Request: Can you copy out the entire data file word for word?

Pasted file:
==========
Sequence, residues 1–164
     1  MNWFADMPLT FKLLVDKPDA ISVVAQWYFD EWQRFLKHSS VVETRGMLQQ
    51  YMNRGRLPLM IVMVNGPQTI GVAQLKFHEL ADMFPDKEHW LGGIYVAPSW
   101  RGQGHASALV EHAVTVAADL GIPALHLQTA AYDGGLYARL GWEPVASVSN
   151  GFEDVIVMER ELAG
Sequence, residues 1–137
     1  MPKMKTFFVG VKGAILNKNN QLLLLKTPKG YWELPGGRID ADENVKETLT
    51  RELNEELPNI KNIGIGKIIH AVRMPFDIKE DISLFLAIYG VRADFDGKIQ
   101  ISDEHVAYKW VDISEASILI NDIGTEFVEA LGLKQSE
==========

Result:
Sequence, residues 1–164
     1  MNWFADMPLT FKLLVDKPDA ISVVAQWYFD EWQRFLKHSS VVETRGMLQQ
    51  YMNRGRLPLM IVMVNGPQTI GVAQLKFHEL ADMFPDKEHW LGGIYVAPSW
   101  RGQGHASALV EHAVTVAADL GIPALHLQTA AYDGGLYARL GWEPVASVSN
   151  GFEDVIVMER ELAG
Sequence, residues 1–137
     1  MPKMKTFFVG VKGAILNKNN QLLLLKTPKG YWELPGGRID ADENVKETLT
    51  RELNEELPNI KNIGIGKIIH AVRMPFDIKE DISLFLAIYG VRADFDGKIQ
   101  ISDEHVAYKW VDISEASILI NDIGTEFVEA LGLKQSE